How Translation Varies Depending on Its Purpose
by Chad Richardson
October 24, 2018
When you provide translation services, it’s important to keep the client’s needs in mind. What do they need the translation for? Is it a business document? Is it an advertisement? Is it a TV series which needs subtitling? Is it a letter or an email? Depending on the type of document which is being translated, there are different things that you need to focus on.
Basically, there are two main things which matter in translation: the meaning of the words and the way in which they will be received by the audience. In some cases, the meaning is more important and, in other cases, it’s the effect that the translation will have on the audience.
In the case of business documents in which you’re trying to convey important information or instructions to the recipient, the meaning is more important. The elegance of the language does not matter much, although it is important to maintain a degree of professionalism. What’s most important is that the information being conveyed should not be distorted in any way.
In the case of an advertisement also, the meaning is important. However, it’s not as important as creating the right impression on the audience. The audience should be left with the feeling that it would be a great idea to buy that product or get that service. So even if the meaning is not exactly the same, it’s ok, as long as the translation creates the same effect in the minds of the viewers/readers as the original.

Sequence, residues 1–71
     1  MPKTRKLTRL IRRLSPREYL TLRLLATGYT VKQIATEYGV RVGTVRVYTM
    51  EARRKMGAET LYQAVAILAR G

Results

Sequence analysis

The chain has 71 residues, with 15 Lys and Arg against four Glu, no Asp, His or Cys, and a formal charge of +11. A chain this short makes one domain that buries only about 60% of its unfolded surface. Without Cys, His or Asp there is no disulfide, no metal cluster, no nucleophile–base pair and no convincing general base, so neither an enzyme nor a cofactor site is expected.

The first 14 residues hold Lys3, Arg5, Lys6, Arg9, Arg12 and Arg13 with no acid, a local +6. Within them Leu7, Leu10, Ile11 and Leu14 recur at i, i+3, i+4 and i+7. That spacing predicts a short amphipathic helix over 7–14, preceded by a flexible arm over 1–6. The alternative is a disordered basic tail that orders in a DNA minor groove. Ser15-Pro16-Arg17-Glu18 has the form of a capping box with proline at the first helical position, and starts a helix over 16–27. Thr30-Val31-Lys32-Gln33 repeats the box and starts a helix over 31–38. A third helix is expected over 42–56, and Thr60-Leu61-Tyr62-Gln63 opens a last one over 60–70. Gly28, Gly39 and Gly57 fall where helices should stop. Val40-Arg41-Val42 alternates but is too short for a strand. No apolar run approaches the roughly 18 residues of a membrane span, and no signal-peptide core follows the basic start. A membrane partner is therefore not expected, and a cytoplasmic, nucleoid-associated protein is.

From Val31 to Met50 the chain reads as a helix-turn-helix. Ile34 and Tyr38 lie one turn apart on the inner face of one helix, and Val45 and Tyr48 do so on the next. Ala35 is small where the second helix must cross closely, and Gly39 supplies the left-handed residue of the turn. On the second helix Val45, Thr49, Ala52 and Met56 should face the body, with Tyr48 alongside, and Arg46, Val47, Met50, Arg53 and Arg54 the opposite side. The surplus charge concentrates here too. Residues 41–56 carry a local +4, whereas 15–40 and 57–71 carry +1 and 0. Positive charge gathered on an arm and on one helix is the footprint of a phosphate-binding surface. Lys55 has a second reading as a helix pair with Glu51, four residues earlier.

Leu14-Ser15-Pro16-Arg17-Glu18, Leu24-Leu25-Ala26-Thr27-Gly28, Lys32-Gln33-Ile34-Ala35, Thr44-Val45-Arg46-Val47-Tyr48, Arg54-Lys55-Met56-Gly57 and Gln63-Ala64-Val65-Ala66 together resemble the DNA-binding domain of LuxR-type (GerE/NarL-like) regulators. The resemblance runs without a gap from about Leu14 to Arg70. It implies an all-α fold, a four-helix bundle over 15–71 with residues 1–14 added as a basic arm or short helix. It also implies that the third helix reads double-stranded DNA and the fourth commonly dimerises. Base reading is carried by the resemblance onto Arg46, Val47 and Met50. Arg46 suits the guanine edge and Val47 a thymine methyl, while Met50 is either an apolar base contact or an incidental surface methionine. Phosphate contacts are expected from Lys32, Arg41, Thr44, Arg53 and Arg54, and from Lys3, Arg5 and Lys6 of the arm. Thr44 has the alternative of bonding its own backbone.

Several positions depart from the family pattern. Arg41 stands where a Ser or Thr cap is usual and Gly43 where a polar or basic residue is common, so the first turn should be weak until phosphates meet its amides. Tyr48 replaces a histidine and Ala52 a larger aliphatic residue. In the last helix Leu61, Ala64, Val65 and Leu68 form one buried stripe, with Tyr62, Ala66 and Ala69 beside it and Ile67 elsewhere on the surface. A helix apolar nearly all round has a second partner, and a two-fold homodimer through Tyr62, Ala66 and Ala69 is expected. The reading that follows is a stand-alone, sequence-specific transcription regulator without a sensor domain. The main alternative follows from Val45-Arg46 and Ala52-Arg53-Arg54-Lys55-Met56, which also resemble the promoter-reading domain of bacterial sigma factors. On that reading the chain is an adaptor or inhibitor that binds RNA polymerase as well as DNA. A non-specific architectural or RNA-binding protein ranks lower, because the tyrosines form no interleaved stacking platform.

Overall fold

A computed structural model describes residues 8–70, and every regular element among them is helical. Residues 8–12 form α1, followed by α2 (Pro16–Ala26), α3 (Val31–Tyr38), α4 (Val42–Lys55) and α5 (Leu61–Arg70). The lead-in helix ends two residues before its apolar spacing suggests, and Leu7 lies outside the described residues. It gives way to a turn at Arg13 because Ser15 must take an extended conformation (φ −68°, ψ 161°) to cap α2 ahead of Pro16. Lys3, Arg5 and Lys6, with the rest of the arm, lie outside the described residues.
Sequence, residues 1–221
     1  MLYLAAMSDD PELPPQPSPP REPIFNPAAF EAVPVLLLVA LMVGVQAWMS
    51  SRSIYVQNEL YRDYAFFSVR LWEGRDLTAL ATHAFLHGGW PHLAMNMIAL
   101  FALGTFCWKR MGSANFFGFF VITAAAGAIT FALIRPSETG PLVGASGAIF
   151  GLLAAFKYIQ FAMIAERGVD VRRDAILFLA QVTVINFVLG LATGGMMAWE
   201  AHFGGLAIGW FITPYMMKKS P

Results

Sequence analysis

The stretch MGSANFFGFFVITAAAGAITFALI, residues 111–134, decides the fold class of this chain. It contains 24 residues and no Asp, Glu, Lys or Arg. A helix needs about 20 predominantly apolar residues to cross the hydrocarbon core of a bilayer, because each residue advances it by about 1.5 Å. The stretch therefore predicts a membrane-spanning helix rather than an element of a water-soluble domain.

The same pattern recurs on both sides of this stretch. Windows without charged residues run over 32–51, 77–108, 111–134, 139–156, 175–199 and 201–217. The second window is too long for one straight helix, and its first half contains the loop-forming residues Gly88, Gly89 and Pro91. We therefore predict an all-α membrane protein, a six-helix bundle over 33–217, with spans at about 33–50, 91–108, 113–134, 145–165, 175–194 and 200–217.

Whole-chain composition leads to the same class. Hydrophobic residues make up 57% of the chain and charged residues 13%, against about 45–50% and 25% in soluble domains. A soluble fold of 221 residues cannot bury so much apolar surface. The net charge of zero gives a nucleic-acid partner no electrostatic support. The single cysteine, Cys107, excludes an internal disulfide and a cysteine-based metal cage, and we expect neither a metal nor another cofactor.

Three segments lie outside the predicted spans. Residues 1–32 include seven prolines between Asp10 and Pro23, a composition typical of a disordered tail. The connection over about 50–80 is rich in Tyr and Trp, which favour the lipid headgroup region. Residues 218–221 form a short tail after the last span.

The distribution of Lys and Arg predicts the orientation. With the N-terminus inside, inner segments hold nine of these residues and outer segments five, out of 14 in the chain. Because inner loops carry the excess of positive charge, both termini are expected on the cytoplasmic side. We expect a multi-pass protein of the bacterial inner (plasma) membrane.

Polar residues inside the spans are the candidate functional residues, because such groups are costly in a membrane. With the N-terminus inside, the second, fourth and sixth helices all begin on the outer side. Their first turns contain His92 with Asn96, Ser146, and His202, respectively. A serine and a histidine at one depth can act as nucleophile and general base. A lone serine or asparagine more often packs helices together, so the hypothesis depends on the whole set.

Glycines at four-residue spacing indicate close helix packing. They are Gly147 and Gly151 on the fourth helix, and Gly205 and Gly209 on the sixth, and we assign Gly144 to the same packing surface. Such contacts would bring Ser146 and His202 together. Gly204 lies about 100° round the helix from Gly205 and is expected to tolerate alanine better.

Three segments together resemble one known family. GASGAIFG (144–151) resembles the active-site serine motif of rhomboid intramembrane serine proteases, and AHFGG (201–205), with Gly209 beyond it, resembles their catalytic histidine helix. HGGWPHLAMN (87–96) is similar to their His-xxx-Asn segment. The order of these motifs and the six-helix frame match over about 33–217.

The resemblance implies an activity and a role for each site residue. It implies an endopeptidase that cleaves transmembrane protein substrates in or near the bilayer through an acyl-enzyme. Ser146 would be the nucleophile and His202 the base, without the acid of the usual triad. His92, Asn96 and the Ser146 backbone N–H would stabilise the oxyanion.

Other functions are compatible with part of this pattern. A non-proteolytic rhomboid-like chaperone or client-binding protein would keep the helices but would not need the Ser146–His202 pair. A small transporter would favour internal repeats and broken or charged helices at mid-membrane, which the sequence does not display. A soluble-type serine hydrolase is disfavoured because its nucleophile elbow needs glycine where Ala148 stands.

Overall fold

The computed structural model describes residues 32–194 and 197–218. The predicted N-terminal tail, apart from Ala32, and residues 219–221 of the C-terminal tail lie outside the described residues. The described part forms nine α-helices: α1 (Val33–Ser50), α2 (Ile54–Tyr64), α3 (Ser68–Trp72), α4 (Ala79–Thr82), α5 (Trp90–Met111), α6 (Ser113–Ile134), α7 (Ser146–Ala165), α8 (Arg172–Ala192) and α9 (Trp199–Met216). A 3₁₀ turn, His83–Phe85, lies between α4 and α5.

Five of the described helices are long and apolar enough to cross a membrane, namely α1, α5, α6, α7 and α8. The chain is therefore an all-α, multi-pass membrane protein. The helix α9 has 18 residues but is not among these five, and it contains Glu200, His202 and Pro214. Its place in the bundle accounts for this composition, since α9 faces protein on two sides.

When it comes to a TV series or a movie which needs subtitling, it’s important to keep the translation conversational; you can’t lapse into a formal idiom. Conversational speech is different from written speech. People use a lot of slang while talking. When you translate this into another language, you’ll need to find slang (or just conversational speech) in the destination language which corresponds to the slang in the source language. The whole idea is that the translation should sound like people talking normally in day-to-day life.
Letters and Emails
If you’re translating a letter, the meaning is important but you might also want to take the style of the letter-writer into consideration, especially if it’s a letter that’s going to be published in a collection. If you’re translating an email, it’s fine to be conversational but it’s the meaning and the information conveyed that make all the difference.
Contact us for more great tips that apply to different forms of translation.
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